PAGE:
Alex Cross travels to Hollywood to hunt for a brutal killer in his most terrifying case yet.
FBI Agent Alex Cross is on vacation with his family in Disneyland when he gets a call from the Director. A well-known actress was shot outside her home in Beverly Hills. Shortly afterward, an editor for the Los Angeles Times receives an e-mail describing the murder in vivid details. Alex quickly learns that this is not an isolated incident. The killer, known as Mary Smith, has done this before and plans to kill again.
Right from the beginning, this case is like nothing Alex has ever been confronted with before. Is this the plan of an obsessed fan or a spurned actor, or is it part of something much more frightening? Now members of Hollywood's A-list fear they're next on Mary's list, and the case grows by blockbuster proportions as the LAPD and FBI scramble to find a pattern before Mary can send one more chilling update.
Filled with the ruthless and shocking twists that make his fans hunger for more, Mary, Mary is James Patterson's most sophisticated thriller yet.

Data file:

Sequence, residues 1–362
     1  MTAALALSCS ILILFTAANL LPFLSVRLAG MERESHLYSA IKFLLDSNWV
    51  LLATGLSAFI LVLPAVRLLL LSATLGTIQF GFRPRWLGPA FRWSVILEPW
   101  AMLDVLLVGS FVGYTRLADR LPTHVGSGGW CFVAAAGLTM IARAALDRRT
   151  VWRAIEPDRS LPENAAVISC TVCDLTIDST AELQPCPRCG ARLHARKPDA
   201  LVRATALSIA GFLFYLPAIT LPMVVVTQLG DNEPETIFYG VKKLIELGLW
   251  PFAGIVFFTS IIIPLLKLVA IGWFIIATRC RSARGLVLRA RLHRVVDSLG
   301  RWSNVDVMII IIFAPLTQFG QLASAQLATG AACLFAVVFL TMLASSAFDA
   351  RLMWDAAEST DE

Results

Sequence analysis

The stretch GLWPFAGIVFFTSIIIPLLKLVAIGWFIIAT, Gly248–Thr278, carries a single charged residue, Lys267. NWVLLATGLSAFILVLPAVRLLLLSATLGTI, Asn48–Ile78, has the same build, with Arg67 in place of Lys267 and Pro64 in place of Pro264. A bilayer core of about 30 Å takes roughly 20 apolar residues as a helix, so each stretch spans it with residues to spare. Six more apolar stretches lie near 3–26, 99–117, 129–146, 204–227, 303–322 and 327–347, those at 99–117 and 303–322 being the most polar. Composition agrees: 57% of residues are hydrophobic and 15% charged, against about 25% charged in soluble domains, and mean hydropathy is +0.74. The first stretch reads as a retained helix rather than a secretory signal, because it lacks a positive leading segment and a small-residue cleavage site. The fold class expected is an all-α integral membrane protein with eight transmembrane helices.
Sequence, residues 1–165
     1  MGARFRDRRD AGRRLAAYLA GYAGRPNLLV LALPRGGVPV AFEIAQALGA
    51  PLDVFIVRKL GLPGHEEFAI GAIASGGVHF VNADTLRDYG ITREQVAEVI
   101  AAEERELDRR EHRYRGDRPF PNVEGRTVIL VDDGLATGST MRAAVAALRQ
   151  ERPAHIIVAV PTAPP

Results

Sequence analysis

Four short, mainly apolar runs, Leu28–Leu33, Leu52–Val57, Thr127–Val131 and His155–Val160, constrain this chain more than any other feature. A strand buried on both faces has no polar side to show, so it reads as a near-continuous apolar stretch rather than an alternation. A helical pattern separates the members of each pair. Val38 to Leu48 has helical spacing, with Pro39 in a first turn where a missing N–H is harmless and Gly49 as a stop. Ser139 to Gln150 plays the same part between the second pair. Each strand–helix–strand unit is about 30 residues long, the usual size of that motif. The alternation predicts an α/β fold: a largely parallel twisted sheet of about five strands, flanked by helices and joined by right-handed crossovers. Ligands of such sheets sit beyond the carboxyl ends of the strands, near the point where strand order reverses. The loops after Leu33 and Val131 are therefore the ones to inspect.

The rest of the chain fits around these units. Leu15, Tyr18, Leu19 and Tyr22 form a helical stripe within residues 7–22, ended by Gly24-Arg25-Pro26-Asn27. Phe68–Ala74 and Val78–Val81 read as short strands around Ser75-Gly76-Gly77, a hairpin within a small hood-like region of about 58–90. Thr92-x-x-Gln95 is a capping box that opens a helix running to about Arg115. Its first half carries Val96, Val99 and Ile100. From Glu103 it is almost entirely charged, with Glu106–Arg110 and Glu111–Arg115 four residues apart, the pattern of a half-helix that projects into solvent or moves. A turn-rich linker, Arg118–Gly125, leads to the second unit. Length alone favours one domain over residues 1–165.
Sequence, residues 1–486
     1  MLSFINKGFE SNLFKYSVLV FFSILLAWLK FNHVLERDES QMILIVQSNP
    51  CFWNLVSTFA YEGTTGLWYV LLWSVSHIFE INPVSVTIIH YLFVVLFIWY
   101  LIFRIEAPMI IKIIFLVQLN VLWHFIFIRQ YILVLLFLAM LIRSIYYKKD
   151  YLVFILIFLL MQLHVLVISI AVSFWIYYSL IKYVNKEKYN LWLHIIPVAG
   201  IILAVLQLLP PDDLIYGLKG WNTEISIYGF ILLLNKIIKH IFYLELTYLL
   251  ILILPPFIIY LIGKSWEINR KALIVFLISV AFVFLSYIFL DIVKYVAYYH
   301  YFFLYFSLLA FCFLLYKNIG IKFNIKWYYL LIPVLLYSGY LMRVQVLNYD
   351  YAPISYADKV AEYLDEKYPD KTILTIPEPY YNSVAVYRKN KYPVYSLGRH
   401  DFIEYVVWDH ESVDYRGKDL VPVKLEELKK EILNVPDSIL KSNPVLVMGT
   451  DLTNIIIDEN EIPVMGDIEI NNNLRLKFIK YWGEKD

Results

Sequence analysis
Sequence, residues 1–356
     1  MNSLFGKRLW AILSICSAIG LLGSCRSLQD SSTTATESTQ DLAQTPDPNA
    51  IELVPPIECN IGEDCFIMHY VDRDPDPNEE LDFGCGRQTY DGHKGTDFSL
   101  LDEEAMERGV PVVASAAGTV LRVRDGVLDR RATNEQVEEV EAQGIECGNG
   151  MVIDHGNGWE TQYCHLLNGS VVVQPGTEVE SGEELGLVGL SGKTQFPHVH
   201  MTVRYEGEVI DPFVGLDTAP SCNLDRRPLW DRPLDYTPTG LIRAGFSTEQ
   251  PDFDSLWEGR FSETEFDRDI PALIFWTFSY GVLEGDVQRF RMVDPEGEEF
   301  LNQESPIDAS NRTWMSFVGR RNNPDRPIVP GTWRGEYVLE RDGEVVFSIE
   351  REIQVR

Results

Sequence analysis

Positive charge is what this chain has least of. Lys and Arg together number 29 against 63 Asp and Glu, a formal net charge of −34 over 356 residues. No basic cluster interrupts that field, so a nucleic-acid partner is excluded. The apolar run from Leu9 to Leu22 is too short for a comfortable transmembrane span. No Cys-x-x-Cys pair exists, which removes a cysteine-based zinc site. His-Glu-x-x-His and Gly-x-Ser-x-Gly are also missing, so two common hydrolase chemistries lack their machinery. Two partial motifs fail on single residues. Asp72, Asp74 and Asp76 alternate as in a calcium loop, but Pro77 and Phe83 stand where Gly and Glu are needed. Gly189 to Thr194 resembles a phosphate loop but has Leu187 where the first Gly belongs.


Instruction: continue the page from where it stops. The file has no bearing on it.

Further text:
WE ALL TRIED TO FORGET about James Truscott and his photographer for a while after that. Did pretty good, too. After umpteen different rides, a live show starring Mickey Mouse, two snacks, and countless carnival games, I dared to suggest that we head back to the hotel.
"For the pool?" Damon asked, grinning. We had glimpsed the five-thousand-square-foot Never Land Pool on our way to breakfast early that morning.
When I got to the front desk, there was a message waiting, one that I was expecting. Inspector Jamilla Hughes of the San Francisco Police Department was in town and needed a meeting with me. ASAP, if not sooner, said the note. That means move it, buster.
I gave my smiling regrets to the pool sharks and took my leave of them. After all, I was on vacation, too.
"Go get 'em, Daddy," Jannie ribbed me. "It's Jamilla, right?" Damon gave a thumbs-up and a smile from behind the fogged lens of a snorkel mask.
I crossed the grounds from the Disneyland Hotel to the Grand Californian, where I had booked another room. This place was an entirely American Arts and Crafts affair, much more sedate than our own hotel.
I passed through stained-glass doors into a soaring lobby. Redwood beams rose six floors overhead, and Tiffany lamps dotted the lower level, which centered on an enormous fieldstone fireplace.
I barely noticed any of it, though. I was already thinking about Inspector Hughes up in room 456. Amazing - I was on vacation.
Copyright © 2005 by James Patterson